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I would buy the book that answers a question that I have been struggling with for a long time.In the coming elections, Israelis are presented with two distinct political/culture/religious camps to choose from. As Yair Lapid calls it, “the future vs the past.”

In broad terms, one represents uncompromising Jewish identity, the centrality of the land of Israel. and “traditional (Jewish) family values.”


The other camp is represented by mostly secular and anti-religious Jews and their anti-Israel Arab allies whose worldview is not affected by a Jewish past.I understand the anti Israel Arabs. I also understand Jews who have become estranged from their faith and People for lack of Jewish education .Their Jewish identity has weakened and has been replaced with the “progressive”, post – Zionist / Jewish narrative which surrounds them.

I am especially curious about those religious Western Jews who attend my synagogue who will vote Left. After all, they made the decision to leave the “progressive” assimilationist West for something far different: a particularistic Jewish state and specifically Jewish land.Having decided to immigrate to the (embattled) Jewish land, they still feel a need to “understand” the enemy who claims that very land These Western “Olim” disdain other Jews who unapologetically and uncompromisingly love and defend it

The latter are impatiently scorned as racists ; however the Arabs must be approached with patience and conciliation in the hope that they will change their attitude towards Jews and the Jewish state.This situation is not unique to Jews in Israel.The well known psychological malaise of Jews in the West was best witnessed in the tragic history of Jews in Germany; apologizing for their enemies and despising those who are “too Jewish” is not a new phenomenon.

It is natural spiritual damage incurred in a people who for too long w detached from their land and history and made to feel like unwanted guests.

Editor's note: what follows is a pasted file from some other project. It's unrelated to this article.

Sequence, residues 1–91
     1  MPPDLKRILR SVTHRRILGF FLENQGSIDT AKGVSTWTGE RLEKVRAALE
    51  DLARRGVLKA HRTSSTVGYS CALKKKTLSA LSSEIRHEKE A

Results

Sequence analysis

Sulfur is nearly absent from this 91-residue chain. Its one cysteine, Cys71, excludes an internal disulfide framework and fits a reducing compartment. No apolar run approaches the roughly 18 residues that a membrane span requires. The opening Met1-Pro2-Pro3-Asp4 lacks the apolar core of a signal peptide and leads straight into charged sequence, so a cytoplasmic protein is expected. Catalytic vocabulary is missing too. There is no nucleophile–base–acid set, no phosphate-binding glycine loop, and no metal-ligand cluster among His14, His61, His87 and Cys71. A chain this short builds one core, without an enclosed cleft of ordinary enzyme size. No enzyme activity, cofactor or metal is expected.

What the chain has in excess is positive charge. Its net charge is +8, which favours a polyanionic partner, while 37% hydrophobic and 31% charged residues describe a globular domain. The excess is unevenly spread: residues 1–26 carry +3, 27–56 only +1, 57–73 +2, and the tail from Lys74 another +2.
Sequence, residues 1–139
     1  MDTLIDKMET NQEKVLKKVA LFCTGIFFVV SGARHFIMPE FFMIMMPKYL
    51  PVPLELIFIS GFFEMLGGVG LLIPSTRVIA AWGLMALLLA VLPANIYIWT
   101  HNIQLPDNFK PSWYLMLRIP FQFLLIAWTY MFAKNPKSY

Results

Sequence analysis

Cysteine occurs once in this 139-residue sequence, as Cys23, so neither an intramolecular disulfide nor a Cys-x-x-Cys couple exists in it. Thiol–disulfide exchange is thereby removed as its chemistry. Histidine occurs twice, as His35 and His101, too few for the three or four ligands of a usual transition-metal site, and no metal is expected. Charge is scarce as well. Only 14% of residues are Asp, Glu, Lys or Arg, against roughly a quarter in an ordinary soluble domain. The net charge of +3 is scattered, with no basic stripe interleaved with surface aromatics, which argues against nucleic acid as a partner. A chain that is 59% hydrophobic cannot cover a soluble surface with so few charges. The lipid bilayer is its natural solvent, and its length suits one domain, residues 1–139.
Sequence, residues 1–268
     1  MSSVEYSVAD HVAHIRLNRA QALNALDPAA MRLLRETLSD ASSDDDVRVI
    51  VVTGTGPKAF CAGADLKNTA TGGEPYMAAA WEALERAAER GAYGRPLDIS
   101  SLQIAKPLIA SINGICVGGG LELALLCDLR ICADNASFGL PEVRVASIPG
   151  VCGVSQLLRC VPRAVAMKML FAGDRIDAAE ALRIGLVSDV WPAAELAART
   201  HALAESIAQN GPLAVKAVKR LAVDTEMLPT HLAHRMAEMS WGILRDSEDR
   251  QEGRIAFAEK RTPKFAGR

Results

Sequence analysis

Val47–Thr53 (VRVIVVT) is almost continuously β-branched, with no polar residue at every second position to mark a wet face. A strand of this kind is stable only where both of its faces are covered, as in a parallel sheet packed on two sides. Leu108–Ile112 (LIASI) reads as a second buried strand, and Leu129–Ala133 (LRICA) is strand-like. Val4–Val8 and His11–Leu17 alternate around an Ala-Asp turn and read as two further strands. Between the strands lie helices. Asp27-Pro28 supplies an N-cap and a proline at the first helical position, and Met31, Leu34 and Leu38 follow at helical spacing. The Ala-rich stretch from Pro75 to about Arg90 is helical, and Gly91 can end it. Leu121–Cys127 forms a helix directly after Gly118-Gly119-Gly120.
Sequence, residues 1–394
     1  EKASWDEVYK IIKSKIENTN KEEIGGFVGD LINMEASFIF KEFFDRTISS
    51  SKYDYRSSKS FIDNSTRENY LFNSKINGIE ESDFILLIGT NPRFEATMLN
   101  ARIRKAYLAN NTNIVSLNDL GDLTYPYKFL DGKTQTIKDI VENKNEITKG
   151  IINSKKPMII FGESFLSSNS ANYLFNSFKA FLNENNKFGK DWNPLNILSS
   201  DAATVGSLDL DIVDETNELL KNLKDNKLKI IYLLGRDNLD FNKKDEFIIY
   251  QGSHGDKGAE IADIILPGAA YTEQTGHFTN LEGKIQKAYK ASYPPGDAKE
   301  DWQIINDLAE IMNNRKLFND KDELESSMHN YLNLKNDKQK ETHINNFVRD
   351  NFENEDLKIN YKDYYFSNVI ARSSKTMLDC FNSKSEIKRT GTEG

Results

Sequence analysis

The same torn souls brought the Exile psychosis to the “New World” as its elf-destructiveness descends towards the oblivion of the Jewish community before our eyes.The question is why would Jews who identify with “progressiveness”, multiculturalism, cosmopolitanism, etc., move to the most particularistic country in the world where by definition is not any of the above?I asked one of them, why do some Jews from the West identify with the Left in Israel? He said that he was “raised on Jefferson and Lincoln”.

I asked him to explain. He said something about “uniting and understanding”. And asked that we not discuss politics. That is about as far as I get when I dare ask.I don’t think they made “Aliyah” to consciously remake their adopted Jewish state and reproduce the “Progressive” Jewish ghetto from whence they came.Why did they make Aliyah?I think that these people remain confused Jews in the Jewish homeland as others were in Germany and the New World.

On one hand they are not able to relinquish their progressive identity and on the other, the “Jewish spark” within them draws them to the ancestral homeland and their people even as this spark is now gone in most of world Jewry.

Perhaps it can be compared to a an inner instinct directs migrating birds. The “pintele Yid” calls out.People, and more so Jews, are more complicated than birds and so I am still waiting for the book that will help me understand some of my fellow immigrants who attend my shul who will vote for the post Jewish and anti Israel coalition next week.Or perhaps I answered my own question and I should write the book?


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Shalom Pollack, a veteran Israeli tour guide, served in the Israeli Navy and lectures on the Mideast.